OS X is the name of the operating systems that are designed for and
installed in the modern Apple Mac computers; it was released in 2001 as an
update from the its predecessor Mac OS 9. The operating system utilises the
UNIX systems within its design.
The origins of the OS X operating system can be traced back to the
NeXTSTEP OS that was launched by the NeXT company, created by Steve Jobs, which was a multitasking and object oriented operating system.
The NeXTSTEP model was subsequently taken to Apple upon his return to the company and adapted throughout the years. Now, several versions of the OS X exist, with almost yearly updates for the OS X system released for Mac users. These updates bring internal fixes and improvements that are important for the compatibility of the applications on the system.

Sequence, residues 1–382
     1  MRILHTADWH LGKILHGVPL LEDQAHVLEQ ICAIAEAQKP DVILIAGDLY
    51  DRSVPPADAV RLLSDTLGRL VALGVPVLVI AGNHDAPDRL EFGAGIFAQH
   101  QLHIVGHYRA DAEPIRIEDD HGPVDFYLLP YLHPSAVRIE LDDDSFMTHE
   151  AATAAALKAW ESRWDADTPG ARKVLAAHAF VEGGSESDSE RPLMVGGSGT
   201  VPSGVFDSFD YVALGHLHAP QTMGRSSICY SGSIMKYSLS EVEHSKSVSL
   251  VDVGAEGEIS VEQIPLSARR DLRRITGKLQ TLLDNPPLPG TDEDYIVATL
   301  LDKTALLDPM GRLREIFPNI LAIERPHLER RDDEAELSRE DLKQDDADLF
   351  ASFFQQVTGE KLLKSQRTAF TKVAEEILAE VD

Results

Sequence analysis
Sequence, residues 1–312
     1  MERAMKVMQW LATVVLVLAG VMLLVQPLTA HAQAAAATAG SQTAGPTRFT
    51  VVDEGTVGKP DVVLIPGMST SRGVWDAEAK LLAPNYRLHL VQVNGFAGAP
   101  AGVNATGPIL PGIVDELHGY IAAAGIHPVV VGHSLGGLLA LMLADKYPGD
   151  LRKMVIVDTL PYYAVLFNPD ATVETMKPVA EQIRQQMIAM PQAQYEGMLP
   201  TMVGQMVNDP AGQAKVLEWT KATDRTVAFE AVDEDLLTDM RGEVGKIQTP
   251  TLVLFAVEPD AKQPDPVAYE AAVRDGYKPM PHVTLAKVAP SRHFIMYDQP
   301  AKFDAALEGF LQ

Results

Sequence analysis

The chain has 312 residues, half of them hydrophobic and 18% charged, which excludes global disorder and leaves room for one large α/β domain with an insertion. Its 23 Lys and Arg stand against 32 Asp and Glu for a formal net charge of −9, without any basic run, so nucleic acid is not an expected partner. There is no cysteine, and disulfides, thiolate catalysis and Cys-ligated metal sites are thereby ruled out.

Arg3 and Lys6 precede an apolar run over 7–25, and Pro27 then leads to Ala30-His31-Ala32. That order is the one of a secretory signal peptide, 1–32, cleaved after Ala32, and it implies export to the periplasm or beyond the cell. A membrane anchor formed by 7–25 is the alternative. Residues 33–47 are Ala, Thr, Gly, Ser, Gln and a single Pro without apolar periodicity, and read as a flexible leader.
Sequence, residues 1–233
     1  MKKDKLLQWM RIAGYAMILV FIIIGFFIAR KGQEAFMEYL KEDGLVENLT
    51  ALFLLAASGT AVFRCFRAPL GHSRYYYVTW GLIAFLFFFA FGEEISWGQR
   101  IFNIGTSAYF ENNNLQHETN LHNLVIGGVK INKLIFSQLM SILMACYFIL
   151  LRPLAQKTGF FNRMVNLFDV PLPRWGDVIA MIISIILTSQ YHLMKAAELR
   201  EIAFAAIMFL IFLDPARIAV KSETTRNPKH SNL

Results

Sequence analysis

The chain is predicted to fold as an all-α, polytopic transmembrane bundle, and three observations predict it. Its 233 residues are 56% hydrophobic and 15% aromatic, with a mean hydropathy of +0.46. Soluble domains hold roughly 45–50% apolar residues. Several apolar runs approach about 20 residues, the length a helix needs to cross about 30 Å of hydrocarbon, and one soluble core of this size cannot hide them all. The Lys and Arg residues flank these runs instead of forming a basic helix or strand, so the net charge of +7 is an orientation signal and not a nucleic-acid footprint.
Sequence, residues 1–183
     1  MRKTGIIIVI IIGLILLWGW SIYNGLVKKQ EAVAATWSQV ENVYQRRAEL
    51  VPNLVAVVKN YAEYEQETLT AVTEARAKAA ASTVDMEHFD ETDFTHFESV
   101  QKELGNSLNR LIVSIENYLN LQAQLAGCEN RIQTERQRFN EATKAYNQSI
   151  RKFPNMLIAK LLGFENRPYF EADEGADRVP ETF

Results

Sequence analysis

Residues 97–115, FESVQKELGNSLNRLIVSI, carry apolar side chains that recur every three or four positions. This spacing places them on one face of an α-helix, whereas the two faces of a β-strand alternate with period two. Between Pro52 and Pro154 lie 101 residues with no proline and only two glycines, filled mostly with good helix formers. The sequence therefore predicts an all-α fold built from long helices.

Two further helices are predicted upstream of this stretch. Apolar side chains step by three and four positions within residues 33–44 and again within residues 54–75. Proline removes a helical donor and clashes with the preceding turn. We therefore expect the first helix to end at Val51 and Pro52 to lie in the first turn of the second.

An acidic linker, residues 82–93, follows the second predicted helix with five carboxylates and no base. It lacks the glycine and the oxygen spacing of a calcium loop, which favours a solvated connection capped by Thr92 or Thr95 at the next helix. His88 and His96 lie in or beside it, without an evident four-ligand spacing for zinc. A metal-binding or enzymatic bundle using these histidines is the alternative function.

It is particularly useful for IT professionals to understand the OS X systems and whether the applications they need to use are compatible with the operating system they have in place, particularly if they have to use Apple products for their work.